I recall seeing a show years ago. fIREHOSE was doing a "50 states in 50 days" tour, and this show was a triple bill with Madder Rose opening. Madder Rose's bassist popped his E string, and he just knocked the bassline up an octave, which really kicked the song into fifth gear. He then spent minutes trying to beg, borrow or steal a bass or bass string, which just knocked all the momentum out of the show.
Later, Mike Watt popped his G string. (I still have it.) He nodded to George Hurley, who started in on a drum solo. Maybe a drum solo isn't the most punk-rock thing ever, but it filled the space while Mike changed a string and tuned up. At the end of it, there's Mike Watt, Greg Norton (ex-Husker Du bassist) and me, watching George get his thing on, with Mike looking at me and nodding toward George, as if to say, "That's my drummer. Isn't he good?" And he was.
The point of it is, it happens. It happens to starting out opening bands and it happens to top-of-bill bands. Things fall apart. It's scientific. But there are a few takeaway points.
1) Be able to do without - The first bassist really took the song to the next level just by knocking the bass up an octave. Word is that Jeff Beck dropped a pick, started playing with fingers and decided to always go that way. There might be things you can't do by picking with fingernails, but maybe what you can do will work out for a while.
2) Have spares - the SEALs say "Two is one. One is none." Have spare strings. Have spare picks. Have spare cables. If you need it, have two in case one breaks. If you play a Floyd Rose, getting the balance back will take longer than a song, so bring a second guitar.
That being said, it's a good idea to have several spare windings on the tuner of Floyd Rose guitars, so if the break is near the bridge, you can unlock the bridge and the nut, run some more string, and get it back together fairly quickly.
3) Have a plan - In my story, Mike Watt went to the drum solo when he had to change strings. On the Dead Kennedys' Give Me Convenience or Give Me Death, there's a live track called "Night of the Living Rednecks" where, after East Bay Ray had a string break or something, the rhythm section went into a jazz groove while Jello Biafra told a story about being a punk being harrassed by rednecks, and it's my favorite track on that album. Anything is better than 5 minutes of silence while you try to get your act together.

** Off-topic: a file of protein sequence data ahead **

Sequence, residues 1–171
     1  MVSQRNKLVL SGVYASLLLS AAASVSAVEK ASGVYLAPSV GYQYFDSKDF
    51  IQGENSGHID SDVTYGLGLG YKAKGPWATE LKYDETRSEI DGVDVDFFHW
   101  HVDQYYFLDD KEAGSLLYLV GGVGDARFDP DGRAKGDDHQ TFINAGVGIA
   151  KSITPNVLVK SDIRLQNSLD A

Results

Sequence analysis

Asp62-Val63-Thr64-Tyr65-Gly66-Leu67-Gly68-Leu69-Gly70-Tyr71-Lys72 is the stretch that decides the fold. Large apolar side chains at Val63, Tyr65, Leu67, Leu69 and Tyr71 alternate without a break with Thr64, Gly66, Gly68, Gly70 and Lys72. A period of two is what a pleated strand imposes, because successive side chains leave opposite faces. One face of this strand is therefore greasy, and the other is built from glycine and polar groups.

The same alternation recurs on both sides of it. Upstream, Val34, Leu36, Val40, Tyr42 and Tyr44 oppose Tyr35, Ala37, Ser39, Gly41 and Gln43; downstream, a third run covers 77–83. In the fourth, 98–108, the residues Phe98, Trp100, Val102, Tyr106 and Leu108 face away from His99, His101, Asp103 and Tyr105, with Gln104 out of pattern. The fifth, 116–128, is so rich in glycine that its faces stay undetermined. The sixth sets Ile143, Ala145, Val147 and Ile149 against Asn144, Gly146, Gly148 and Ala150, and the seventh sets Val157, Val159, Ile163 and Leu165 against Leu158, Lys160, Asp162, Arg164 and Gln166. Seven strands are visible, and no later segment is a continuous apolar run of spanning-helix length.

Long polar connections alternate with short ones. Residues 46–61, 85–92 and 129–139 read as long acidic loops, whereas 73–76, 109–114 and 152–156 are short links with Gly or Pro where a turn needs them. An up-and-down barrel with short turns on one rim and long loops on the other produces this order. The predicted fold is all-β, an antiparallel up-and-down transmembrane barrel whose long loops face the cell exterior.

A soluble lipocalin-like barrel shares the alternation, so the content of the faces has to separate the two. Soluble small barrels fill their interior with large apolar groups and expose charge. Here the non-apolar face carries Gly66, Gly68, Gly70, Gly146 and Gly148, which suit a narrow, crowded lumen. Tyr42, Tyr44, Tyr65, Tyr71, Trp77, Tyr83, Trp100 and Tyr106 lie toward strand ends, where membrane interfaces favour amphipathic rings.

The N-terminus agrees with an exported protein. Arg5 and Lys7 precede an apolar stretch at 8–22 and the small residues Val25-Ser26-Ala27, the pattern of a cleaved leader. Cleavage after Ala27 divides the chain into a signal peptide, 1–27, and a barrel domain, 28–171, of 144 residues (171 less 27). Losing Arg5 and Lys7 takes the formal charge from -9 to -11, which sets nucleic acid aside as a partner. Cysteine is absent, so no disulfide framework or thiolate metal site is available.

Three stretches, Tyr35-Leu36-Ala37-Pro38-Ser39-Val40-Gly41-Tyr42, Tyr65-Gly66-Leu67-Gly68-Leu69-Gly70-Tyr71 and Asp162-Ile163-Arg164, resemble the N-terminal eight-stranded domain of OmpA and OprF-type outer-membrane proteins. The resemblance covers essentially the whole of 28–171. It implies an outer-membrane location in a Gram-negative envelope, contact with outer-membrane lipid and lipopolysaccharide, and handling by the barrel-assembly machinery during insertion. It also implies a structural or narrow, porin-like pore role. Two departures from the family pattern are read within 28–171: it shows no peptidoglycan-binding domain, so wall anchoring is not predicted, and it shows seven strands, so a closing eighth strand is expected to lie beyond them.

4) Take it up a notch - 10s are a little sturdier than 9s, which is why I tend to go 10s.
5) Take it down a notch - Do you need to strum that hard? It may look like you're playing all intense, but there's only so hard you can pluck a string before it makes no difference. There's other sorts of stagecraft to look all hard and intense and be easier on your strings.
6) Don't play with knives - I used to have these Hot Licks brass picks from Dunlop. They're thin, and they sound bright and jangly, but they're metal and don't bend, unlike plastic thin picks. I was playing acoustic rhythm in an otherwise electric rock band, with in-ear monitors, and I simply could not hear myself unless I developed a strong picking technique, which I've been trying to dial back since. But I was carving the windings off my wound G string, because I was in effect sharpening this pick to get really sharp. I like it, and I use it on electric where I have a much more mellow strumming style because I have amplification backing me up, but I moved to an unwound G on an acoustic just so I wouldn't have to change strings so often, just because I didn't realize my pick was carving up my strings.
Other players may have other issues. Burrs in the saddle are common reasons why strings break. If you have a recurring string-breaking problem, the problem might be with your gear.
7) It is important - I saw Madder Rose two years later. They had another bassist. I don't know the story, but clearly, if you can play but you let the band down enough when they need you, they can find another person who can play.